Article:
tly into the sea; on it stand bronze figures, not more than a foot high, with caps on their heads. I am not sure whether they consider them to be Dioscuri or Corybants. They are three in number; a statue of Athena makes a fourth. To the right of Gythium is Las, ten stades from the sea and forty from Gythium. The site of the present town extends over the ground between the mountains called Ilius, Asia and Cnacadium; formerly it lay on the summit of Mount Asia. Even now there are ruins of the oldGythium. The site of the present town extends over the ground between the mountains called Ilius, Asia and Cnacadium; formerly it lay on the summit of Mount Asia. Even now there are ruins of the old town, with a statue of Heracles outside the walls, and a trophy for a victory over the Macedonians. These formed a detachment of Philip's army, when he invaded Laconia, but were separated from the main body and were plundering the coastal districts. Among the ruins is a temple of Athena named Asia, made, it is said, by Polydeuces and Castor on their return home from Colchis; for the Colchians had a shrine of Athena Asia. I know that the sons of Tyndareus took part in Jason's expedition. As to
Pausanias, Description of Greece, Arcadia, chapter 50 (search)
pped a fleet against Nabis, and Philopoemen was too enthusiastic to keep out of the quarrel. But being entirely ignorant of nautical affairs he unwittingly embarked on a leaky trireme, so that the Romans and their allies were reminded of the verses of Homer, where in the CatalogueHom. Il. 2.614 he remarks on the ignorance of the Arcadians of nautical matters. A few days after the sea-fight, Philopoemen and his band, waiting for a moonless night, burnt down the camp of the Lacedaemonians at Gythium. Thereupon Nabis caught Philopoemen himself and the Arcadians with him in a disadvantageous position. The Arcadians, though few in number, were good soldiers, and Philopoemen, by changing the order of his line of retreat, caused the strongest positions to be to his advantage and not to that of his enemy. He overcame Nabis in the battle and massacred during the night many of the Lacedaemonians, so raising yet higher his reputation among the Greeks. After this Nabis secured from the Romans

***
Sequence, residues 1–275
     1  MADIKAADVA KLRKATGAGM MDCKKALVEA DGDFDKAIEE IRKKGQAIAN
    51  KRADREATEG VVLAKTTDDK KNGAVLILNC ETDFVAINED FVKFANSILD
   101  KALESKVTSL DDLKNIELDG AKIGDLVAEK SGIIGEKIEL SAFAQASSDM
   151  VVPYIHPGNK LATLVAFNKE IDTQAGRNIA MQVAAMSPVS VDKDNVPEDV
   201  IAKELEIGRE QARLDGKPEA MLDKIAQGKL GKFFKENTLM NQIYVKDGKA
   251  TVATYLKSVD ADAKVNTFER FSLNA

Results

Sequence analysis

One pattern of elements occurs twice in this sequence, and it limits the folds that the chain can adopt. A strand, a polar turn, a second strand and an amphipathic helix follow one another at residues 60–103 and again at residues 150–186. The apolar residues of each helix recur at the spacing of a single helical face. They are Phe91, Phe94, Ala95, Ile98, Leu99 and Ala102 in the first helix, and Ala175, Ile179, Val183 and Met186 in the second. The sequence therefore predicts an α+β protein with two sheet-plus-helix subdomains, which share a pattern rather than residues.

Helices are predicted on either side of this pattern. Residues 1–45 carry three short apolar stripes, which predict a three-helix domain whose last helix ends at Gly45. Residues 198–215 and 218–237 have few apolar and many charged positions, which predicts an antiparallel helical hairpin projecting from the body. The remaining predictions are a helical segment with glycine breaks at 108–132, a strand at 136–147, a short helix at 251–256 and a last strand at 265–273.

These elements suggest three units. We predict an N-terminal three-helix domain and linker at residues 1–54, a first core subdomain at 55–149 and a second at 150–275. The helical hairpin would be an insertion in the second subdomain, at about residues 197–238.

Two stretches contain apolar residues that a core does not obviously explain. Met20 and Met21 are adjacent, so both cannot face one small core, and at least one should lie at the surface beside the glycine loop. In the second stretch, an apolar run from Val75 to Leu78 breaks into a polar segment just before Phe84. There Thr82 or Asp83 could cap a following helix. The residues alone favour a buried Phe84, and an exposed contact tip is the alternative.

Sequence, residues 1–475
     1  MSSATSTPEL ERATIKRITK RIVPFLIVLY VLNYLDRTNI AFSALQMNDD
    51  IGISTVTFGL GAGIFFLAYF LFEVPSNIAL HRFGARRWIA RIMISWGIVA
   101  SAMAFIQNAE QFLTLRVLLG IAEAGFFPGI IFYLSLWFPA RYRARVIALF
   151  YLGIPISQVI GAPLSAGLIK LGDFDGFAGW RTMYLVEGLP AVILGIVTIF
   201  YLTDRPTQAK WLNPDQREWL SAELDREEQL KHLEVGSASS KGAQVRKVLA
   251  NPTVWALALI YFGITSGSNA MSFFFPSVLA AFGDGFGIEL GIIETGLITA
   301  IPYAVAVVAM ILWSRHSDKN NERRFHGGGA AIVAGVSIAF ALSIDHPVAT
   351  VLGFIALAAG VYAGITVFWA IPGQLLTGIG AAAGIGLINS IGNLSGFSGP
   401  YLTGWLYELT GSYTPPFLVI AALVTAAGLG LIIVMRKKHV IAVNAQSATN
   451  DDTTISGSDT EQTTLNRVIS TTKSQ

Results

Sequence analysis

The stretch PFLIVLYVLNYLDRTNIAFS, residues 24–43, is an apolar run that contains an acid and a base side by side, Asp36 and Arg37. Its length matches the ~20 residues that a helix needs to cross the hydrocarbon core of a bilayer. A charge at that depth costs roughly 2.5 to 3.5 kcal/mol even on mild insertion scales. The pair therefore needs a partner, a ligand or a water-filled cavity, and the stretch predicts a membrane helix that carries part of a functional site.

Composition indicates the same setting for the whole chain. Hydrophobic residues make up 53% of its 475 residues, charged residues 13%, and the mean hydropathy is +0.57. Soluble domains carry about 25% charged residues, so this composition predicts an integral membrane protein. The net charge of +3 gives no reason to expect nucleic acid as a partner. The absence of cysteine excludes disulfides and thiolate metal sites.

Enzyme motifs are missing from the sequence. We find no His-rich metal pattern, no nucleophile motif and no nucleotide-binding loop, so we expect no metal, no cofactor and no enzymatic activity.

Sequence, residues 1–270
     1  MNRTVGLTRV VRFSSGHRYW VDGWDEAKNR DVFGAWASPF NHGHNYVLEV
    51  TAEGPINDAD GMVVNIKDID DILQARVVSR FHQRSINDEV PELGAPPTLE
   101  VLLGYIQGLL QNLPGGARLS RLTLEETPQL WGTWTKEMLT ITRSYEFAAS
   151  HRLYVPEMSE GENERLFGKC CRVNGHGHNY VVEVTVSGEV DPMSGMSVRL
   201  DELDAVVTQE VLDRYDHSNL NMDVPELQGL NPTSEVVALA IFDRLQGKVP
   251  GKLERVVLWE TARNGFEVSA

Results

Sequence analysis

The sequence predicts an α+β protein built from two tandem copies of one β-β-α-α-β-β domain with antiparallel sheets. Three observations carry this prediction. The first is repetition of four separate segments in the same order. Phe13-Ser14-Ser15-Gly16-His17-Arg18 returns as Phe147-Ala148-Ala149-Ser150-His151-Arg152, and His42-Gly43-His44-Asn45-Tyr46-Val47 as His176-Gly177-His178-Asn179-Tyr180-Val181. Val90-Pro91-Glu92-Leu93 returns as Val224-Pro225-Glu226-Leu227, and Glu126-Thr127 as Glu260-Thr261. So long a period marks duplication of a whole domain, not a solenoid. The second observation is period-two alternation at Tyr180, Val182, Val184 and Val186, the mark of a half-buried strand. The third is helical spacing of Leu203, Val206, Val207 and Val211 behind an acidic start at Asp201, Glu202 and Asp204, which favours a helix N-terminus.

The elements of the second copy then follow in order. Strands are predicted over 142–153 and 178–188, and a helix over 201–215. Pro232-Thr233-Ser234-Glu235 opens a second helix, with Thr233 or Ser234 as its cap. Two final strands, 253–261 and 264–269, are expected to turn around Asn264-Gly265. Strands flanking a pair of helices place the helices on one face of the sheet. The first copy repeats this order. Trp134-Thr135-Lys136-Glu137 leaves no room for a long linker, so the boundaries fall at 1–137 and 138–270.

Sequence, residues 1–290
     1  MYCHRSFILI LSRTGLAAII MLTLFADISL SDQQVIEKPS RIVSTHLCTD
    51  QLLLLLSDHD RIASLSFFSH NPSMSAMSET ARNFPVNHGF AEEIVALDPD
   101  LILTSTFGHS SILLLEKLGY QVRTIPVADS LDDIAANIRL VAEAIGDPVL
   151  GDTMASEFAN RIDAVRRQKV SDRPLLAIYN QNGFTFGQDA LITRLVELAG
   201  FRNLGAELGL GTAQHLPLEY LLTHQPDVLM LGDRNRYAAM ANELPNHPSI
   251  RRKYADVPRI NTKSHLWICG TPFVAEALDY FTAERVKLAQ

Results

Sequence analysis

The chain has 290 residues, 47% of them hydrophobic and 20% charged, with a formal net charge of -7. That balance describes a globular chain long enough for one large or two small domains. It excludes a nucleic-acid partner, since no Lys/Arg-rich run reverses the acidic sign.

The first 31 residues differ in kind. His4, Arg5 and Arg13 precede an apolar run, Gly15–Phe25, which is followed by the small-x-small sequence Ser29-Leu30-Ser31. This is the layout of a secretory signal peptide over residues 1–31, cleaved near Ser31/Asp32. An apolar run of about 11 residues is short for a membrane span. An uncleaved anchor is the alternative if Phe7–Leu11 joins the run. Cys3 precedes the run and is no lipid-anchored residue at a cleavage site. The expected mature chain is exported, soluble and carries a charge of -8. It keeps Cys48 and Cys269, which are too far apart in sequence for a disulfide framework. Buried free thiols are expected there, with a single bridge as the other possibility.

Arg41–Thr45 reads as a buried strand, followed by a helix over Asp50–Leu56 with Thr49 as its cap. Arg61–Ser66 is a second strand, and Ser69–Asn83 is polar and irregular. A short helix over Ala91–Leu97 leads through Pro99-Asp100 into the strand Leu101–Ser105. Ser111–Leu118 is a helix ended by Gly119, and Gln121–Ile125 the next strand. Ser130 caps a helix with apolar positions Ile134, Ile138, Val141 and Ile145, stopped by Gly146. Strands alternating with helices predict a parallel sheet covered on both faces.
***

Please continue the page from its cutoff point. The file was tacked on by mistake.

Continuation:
Polybius, Histories, book 2, Defeat of Cleomenes (search)
ition. A recall was sounded on the bugle for the light-armed troops of both sides, who were on the ground between the two armies: and the phalanxes shouting their war cries, and with spears couched, charged each other. Then a fierce struggle arose: the Macedonians sometimes slowly giving ground and yielding to the superior courage of the soldiers of Sparta, and at another time the Lacedaemonians being forced to give way before the overpowering weight of the Macedonian phalanx. At length Antigonus ordered a charge in close order and in double phalanx; the enormous weight of this peculiar formation proved sufficient to finally dislodge the Lacedaemonians from their strongholds, and they fled in disorder and suffering severely as they went. Cleomenes himself, with a guard of cavalry, effected his retreat to Sparta: but the same night he went down to Gythium, where all preparations for crossing the sea had been made long before in case of mishap, and with his friends sailed to Alexandria.
Polybius, Histories, book 5, Philip Marches Through Laconia (search)
two following days, he encamped near Carnium; thence he started for Asine, and after some fruitless assaults upon it, he started again, and thenceforth devoted himself to plundering all the country bordering on the Cretan Sea as far as Taenarum. Gythium. Then, once more changing the direction of his march, he advanced to Gythium, the naval arsenal of Sparta, which possesses a safe harbour, and is about thirty stades from the city. Helos. Then leaving this on the right, he pitched his camp in th march, he advanced to Gythium, the naval arsenal of Sparta, which possesses a safe harbour, and is about thirty stades from the city. Helos. Then leaving this on the right, he pitched his camp in the territory of Helos, which of all the districts of Laconia is the most extensive and most beautiful. Thence he sent out foraging parties and wasted the country with fire and sword, and destroyed the crops in it: pushing his devastation as far as Acriae and Leucae, and even to the district of Boeae.